October is long over, but I’m never going to get tired of discussing Horror movies, so you’ll just have to bear with me.
As a visual artist, movies are very important to me. It’s part of the reason I love most of the movies I love regardless of their other qualities. I especially love movies that dazzle my eyes. I chose Horror movies for this post. Horror, and Scifi are the two genres that are most free to imagine, while breaking the rules of costuming, and makeup, and people really don’t give them enough credit for their beauty.
Bride of Frankenstein – The Bride (1935)
The Monster’s Bride’s makeup and hair are iconic. Anytime its referenced in another movie, and everyone who sees the costume, who knows movies at all, knows where this look is from, the name of it, and the actress who wore it, Elsa Lanchester. The Bride is one of the first female monsters to ever appear on film, with the exception of the 1932 Vampyr, (which featured the first onscreen female vampire, Carmilla).
Bride of Frankenstein was directed by James Whale, and this movie is heavily referenced in the 1998 movie, Gods and Monsters, where we see Whale, (played by Ian McKellen), get reunited with his monsters, Karloff and Lanchester.
Us – The Tethered (2019)
The costumes in this movie are not especially beautiful, but they do have a lot of wealth of meaning, as related to the plot. Here, the costumer, Kym Barrett, and the director, Jordan Peele, discuss the meaning of the costumes from Us.
It- Pennywise (2019)
Pennywise’s costume is just a tiny bit uncommon because it is loosely based on Pedrolino, a sort of generic, French clown from the Italian commedia dell’arte. At any rate, clowns being scary has a very loooong history. The 2019 version of Pennywise (Skarsgaard), in his white costume and distinct, Pagliacci style, makeup, is very different in looks, from the television mini-series version, played by Tim Curry, who looked much more traditionally American. The costume designer, Luis Sequeira, is also known for his work on The Shape of Water, (which got him nominated for an Oscar in 2017.)
You aren’t alone in your fear of makeup-clad entertainers; people have been frightened by clowns for centuries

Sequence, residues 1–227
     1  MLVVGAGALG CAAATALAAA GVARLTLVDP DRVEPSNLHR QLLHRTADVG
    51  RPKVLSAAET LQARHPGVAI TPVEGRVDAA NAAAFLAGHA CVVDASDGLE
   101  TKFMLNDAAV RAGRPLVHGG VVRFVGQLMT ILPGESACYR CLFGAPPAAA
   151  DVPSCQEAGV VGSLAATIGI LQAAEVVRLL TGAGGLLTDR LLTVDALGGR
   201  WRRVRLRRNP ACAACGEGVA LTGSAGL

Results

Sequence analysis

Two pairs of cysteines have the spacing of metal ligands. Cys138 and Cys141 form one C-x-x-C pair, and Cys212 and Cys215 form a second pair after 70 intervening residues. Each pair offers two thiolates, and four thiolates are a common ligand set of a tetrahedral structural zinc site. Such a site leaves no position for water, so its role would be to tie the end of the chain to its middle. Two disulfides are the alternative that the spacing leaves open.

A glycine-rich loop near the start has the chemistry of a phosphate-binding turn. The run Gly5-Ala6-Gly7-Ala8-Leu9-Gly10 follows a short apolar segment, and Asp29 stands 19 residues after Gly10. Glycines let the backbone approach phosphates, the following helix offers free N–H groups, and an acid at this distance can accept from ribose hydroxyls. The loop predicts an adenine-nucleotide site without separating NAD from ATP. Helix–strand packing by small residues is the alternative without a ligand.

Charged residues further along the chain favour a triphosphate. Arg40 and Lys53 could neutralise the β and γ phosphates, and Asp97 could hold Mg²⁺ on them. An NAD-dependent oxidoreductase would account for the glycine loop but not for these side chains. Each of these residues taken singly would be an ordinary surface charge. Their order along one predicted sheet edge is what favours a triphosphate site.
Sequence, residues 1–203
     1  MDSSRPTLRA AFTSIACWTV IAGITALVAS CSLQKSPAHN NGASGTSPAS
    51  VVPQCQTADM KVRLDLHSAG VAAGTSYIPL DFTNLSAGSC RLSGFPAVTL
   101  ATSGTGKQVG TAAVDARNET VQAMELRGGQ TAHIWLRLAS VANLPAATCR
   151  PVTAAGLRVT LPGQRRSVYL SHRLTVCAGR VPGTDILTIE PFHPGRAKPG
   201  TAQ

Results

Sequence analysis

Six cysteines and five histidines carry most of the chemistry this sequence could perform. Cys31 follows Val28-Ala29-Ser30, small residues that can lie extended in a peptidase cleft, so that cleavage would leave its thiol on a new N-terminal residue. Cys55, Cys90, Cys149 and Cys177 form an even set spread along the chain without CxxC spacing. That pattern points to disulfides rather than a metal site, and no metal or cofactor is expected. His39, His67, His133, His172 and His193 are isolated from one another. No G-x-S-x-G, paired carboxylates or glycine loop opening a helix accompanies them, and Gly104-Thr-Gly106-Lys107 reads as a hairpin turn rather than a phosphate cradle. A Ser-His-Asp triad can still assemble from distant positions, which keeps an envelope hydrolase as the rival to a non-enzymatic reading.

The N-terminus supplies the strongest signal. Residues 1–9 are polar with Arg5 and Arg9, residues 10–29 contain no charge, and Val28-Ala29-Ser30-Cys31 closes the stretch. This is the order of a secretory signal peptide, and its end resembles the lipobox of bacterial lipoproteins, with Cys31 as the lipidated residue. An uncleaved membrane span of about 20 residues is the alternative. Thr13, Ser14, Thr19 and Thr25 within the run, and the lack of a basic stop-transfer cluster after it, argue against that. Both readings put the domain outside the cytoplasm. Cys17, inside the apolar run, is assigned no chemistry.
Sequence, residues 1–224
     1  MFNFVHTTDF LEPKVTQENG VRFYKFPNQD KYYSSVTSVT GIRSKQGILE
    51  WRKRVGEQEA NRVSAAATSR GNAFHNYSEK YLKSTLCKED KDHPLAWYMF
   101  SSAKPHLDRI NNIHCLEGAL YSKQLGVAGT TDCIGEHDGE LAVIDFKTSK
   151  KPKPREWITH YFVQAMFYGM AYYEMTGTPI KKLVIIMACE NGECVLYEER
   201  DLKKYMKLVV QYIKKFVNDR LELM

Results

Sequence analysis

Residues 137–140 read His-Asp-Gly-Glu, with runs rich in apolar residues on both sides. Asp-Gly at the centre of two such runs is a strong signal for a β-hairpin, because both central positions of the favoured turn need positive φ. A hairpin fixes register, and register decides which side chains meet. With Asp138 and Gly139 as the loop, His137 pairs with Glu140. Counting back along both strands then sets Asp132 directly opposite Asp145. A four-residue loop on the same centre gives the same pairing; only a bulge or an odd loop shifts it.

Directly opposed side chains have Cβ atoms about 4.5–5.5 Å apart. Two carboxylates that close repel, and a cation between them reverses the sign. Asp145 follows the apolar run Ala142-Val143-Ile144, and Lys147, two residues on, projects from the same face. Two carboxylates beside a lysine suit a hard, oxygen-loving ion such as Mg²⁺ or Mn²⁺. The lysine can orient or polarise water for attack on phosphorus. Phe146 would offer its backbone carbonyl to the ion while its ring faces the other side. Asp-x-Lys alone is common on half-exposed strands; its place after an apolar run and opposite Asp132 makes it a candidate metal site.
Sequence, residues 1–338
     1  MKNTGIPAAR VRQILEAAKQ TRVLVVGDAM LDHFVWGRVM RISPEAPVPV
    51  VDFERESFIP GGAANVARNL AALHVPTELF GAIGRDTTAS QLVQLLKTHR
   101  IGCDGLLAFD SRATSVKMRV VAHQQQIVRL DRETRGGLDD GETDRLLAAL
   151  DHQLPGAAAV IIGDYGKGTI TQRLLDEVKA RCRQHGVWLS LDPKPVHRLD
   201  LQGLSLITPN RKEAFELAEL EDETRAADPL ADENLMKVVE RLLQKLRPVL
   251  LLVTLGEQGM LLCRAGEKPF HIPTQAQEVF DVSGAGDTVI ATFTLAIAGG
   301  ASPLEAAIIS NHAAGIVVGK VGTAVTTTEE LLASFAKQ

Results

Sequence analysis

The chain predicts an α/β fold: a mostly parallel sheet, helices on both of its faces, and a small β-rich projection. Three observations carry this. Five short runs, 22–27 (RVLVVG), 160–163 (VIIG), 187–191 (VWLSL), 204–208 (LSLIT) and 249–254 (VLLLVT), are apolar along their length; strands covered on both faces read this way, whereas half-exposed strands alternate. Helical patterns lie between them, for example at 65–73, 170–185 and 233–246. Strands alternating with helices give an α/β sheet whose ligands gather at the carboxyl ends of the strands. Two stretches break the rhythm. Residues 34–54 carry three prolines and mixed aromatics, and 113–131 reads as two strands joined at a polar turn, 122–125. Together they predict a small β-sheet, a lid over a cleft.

Legend- Darkness (1985
This movie is known for Tim Curry’s portrayal of a Satanic figure, Darkness, who tempts an innocent young virgin to be her worst self. Mia Sara and Tom Cruise star as a pair of star crossed lovers, who run afoul of Curry’s Demon King after Sara’s encounter with a unicorn gets it killed. He uses her guilt at having lured the unicorn to its death to try to turn her into a demon as well. This is the most underrated straight Fantasy movie of the 80s, and probably because of the presence of Tom Cruise, that people dismiss it.
This was Ridley Scott’s next big film after Bladerunner, and it has all of his usual markers, in that it is gorgeous, lush, surprisingly sexy, and has a point to make, about good vs. evil, and fate vs. choice. The standout visuals, and the best lines, all belong to Tim Curry. The makeup was designed by Rob Bottin, fresh off his stints on The Howling, and The Thing. The soundtrack was composed by Tangerine Dream and the costume designer was Charles Knode, who was also responsible for the costumes for Bladerunner.
Queen of the Damned – Akasha (2002)
i already talked about Akasha, the Egyptian adjacent Queen of the vampires, from Anne Rice’s Queen of the Damned.
Beetlejuice- Lydia Deetz (1988)
Lydia Deetz, is one of Tim Burton’s most iconic characters, and is also the most well dressed emo, Goth-girl in cinema. Wynona Ryder is probably the only teenager in America that could pull off wearing a black veil, when not in actual mourning. She remains true to her style, and her nature, even after her parents decide to forgo civilization, and movie to the boonies. It only makes sense that their new house would be haunted by the ghosts of the gentle couple that lived there before them, (along with that rascally scoundrel, and ne’er do-well, Beetlejuice.)